On Tuesday morning the pastors of Lutheran Saints in Ministry gather in Fairborn Ohio to discuss the texts for Sunday.

These are the contributions that are brought to the table.

Saturday, March 21, 2015

Eternal Life Revisited

The fifth kind is the worship of contrition and confession. As sinners we worship God, and prostrate ourselves before Him, needing His forgiveness, as it becomes servants. This happens in three ways. A man may be sorry out of love, or lest he should lose God's benefits, or for fear of chastisement. The first is prompted by goodness and desire for God himself, and the condition of a son: the second is interested, the third is slavish. — John of Damascus 

It is time for a transition in the Gospel of John. We are done with the miracles. We are done with holding the crowd spellbound. We are done arguing with the authorities. Three years seem to have elapsed between the cleaning of the temple, the wedding in Cana, and the visit of Nicodemus. Three years and the cold words of John 1:11 are still true: His own did not receive him, his own do not honor him. That which was made through him still does not recognize him.
Honor will never come. That is only somewhat true. From the world there will be nothing. True honor will come but it will come from God. Father will glorify the Holy name by what will be accomplished in the Son by the Spirit. God will be glorified and by that the Son of Man will be glorified. The Son gives honor to Father, the Father glorifies the Son, and the Spirit testifies to it, and those who are of water and Spirit somehow understand this mystery. 
The world, a dismissive term in John, will give honor and glory by its own counsel. The world will see that the honor it gives is being judged as dust. True honor is to give life, not to take it. (12:24) True honor is given by the Father in heaven who honors Jesus by Resurrection because this Jesus has given his life as a resume for many. He is the Passover Lamb who gave his blood to signal the angel of eternal death: “do not enter here.” He is the passover lamb, no bone broken, whose body will give the new Israel strength to make the journey out of bondage in a world of hardened hearts. Those who want to truly leave Egypt rejoice. Those who like the fleshpots of Egypt are revolted. (6:56-58)
Death and Jesus have met. They met at the tomb of Lazarus. It did not go well for death that day. Once the mystique of death is dispelled, once the veil is pulled back and it is seen that there is no end if God wishes otherwise, little is left. The Greeks: Did they hear this and realize what was loose in the world? Is that why they wish for Jesus? We know no more of them than that they showed up and wanted to see Jesus. At their arrival Jesus proclaims that the time has come. Are they intellectually curious? Or is this a genuine longing to believe?
The Lazarus story hangs heavy over this text still as it is mere verses away from it. It asks difficult questions: Believers die just as the most vile of those who live for this world only. What is this eternal life good for? Jesus says that it is like wheat. It does not die when it is buried in the ground. It does not remain there. It bears much fruit and in doing so, it gives life. It is not too much to suppose that at the grain’s death it is most alive. Those who die — let us not even talk of martyrs here — those who change life so radically that their old self is “dead” but are alive in the Lord and in service to the Lord are the most alive precisely when they are in the process of giving up their life because that that moment they are embracing the will of the Father and they are leaving the world behind. Eternal life is a present reality.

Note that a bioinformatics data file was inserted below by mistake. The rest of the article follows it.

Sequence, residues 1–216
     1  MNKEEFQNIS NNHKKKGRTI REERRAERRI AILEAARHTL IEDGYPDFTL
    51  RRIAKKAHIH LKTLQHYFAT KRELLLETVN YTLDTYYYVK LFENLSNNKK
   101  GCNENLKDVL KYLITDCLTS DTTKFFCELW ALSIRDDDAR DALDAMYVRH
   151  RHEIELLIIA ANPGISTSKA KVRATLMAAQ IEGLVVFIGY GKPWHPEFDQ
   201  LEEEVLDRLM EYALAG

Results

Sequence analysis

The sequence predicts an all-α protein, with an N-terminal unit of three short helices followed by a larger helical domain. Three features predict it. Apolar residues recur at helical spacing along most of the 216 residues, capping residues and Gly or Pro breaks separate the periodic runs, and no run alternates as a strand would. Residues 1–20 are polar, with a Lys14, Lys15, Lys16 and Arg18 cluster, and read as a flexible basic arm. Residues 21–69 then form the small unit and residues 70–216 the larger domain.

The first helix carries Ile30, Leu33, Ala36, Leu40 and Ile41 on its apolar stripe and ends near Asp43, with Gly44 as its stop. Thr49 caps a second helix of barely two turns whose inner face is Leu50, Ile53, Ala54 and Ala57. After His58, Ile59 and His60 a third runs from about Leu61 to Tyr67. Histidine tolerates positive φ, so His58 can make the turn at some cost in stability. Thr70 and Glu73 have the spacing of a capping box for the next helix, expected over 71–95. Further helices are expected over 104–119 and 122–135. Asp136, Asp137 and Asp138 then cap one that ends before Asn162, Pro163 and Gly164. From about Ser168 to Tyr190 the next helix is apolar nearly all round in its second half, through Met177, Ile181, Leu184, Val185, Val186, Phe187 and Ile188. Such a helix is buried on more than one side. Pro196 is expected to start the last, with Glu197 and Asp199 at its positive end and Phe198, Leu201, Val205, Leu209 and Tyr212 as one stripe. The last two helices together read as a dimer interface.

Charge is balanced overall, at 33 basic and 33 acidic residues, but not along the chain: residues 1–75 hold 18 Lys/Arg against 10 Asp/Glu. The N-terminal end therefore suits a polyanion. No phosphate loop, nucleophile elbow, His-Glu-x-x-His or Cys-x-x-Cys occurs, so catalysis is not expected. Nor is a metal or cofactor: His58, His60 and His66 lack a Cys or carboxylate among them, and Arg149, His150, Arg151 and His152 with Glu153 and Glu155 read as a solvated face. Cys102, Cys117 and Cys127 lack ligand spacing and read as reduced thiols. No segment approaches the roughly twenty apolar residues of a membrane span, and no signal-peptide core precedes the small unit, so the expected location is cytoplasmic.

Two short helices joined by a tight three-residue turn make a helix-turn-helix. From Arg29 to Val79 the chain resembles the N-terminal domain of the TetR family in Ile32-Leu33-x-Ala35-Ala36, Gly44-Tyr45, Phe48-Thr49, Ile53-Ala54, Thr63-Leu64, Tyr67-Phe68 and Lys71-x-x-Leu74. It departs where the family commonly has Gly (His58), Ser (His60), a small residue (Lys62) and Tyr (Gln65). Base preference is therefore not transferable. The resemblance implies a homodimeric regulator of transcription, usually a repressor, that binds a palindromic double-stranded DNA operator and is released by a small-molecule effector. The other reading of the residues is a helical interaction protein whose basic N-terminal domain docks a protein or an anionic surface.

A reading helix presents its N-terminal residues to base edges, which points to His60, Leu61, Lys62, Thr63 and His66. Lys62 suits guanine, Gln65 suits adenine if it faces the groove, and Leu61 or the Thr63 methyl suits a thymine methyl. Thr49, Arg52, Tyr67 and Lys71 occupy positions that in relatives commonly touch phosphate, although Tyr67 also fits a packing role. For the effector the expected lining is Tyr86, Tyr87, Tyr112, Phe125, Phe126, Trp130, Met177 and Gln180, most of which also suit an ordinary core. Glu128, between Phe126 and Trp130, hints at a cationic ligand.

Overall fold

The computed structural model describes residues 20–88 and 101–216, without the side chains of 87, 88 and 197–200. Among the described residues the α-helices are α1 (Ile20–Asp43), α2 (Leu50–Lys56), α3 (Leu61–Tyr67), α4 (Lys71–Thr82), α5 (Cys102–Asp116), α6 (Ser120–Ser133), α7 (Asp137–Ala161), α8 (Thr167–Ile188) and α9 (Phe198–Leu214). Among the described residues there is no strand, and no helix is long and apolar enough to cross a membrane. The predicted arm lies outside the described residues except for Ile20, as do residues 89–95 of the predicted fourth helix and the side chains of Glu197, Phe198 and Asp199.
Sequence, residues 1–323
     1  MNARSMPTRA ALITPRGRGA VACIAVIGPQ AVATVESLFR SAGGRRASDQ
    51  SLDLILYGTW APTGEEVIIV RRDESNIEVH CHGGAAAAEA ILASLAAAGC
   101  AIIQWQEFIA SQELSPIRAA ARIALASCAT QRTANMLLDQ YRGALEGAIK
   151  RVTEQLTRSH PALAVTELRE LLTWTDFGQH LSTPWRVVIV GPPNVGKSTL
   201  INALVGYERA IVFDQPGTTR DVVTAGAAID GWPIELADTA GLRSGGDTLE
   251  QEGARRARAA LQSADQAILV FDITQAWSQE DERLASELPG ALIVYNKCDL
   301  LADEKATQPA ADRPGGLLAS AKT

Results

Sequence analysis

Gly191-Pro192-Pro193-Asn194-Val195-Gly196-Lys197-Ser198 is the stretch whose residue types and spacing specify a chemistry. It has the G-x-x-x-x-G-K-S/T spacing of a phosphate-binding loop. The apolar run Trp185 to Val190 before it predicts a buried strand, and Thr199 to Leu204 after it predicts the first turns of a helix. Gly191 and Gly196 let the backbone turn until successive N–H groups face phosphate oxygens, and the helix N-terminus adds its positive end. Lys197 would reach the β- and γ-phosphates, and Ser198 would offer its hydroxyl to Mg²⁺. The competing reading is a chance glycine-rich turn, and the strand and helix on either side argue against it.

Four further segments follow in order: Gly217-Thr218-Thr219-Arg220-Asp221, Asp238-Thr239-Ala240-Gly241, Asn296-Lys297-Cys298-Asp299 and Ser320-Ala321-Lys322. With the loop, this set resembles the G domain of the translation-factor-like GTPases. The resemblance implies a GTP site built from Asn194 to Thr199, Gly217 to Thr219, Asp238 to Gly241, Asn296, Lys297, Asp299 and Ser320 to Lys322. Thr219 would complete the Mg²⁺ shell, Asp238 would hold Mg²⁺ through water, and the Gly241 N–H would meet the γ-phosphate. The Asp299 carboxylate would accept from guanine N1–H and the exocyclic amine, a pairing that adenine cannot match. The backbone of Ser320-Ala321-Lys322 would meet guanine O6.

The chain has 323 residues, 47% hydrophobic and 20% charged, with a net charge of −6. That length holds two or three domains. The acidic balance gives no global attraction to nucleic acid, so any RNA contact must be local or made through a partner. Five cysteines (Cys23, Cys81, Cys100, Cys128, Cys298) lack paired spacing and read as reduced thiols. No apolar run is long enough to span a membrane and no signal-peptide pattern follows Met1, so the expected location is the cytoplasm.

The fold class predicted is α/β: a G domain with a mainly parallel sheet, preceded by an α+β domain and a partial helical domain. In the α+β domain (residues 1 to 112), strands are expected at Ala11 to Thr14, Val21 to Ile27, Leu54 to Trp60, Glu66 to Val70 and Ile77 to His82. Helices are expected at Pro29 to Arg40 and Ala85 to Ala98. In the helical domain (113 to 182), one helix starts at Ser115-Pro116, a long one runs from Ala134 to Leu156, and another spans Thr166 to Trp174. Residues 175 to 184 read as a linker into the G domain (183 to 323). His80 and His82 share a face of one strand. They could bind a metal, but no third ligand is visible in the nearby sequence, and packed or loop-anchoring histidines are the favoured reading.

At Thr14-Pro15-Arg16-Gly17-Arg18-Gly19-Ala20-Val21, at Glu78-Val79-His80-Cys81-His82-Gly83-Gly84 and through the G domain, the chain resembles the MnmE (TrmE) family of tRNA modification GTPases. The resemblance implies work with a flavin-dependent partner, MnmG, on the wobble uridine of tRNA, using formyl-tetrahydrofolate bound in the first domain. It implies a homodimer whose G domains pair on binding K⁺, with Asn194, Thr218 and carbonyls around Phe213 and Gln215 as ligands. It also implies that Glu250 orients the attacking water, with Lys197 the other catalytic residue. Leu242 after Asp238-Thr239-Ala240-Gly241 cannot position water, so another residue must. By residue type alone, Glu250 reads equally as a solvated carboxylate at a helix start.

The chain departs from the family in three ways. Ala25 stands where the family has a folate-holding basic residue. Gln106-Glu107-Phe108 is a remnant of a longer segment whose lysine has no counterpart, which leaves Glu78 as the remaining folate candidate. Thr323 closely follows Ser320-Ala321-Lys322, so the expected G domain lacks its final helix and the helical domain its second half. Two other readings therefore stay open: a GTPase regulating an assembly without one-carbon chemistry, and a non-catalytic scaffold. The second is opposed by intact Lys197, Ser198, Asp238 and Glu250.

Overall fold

In other words, Eternal life gives life. One of the modern questions in the Ignatian Examen of Conscience asks: “When have I been on the side of life today and when have I given life to another?” Most of us will struggle with this question if we are honest. It is not so much that we are on the side of death. That would be obvious to anyone and 99.9% of us would avoid it on a normal day. No, the problem is that we are not actively on the side of life. It is not so much that we hide from the light as the world in the scheme of John would, but that we do not shine it or actively seek it. Those who advocate to seek again the fleshpots of Egypt are not held back or discouraged by those who offer no opinion. They are instead opposed by those who would have freedom and who settle for no less. 
This life by water and Spirit is lively and active participation. It is not a simple drift-along. St Thomas can say: “Let us go with him that we may at least die with him,” (Jn 11:16) but he merely goes along. Jesus is going to be active. Something will happen when he arrives.

And though he is the Lamb led to the slaughter, he does not merely go to die. No, in John he is going with purpose and resolve. (Jn 12:27) He will, as he did in the case of Lazarus, go to be on the side of eternal life and he will draw many to himself and to that life doing so. This grain does fall into the ground with the expressed purpose to give fruit. Those who follow him, will they fall into the ground able to say: “This life of mine that I now hand back has given life?” It is an aspiration worthy of the Lord. 

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